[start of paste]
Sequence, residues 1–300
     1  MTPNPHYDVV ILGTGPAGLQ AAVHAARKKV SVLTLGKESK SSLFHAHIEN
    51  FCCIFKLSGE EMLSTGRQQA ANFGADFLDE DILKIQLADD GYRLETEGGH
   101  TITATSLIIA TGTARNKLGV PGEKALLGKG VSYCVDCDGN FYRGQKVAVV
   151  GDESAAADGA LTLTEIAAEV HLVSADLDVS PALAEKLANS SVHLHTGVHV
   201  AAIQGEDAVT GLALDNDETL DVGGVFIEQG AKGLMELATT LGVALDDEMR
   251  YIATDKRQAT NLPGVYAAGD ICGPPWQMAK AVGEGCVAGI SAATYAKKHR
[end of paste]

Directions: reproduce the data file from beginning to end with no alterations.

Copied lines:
Sequence, residues 1–300
     1  MTPNPHYDVV ILGTGPAGLQ AAVHAARKKV SVLTLGKESK SSLFHAHIEN
    51  FCCIFKLSGE EMLSTGRQQA ANFGADFLDE DILKIQLADD GYRLETEGGH
   101  TITATSLIIA TGTARNKLGV PGEKALLGKG VSYCVDCDGN FYRGQKVAVV
   151  GDESAAADGA LTLTEIAAEV HLVSADLDVS PALAEKLANS SVHLHTGVHV
   201  AAIQGEDAVT GLALDNDETL DVGGVFIEQG AKGLMELATT LGVALDDEMR
   251  YIATDKRQAT NLPGVYAAGD ICGPPWQMAK AVGEGCVAGI SAATYAKKHR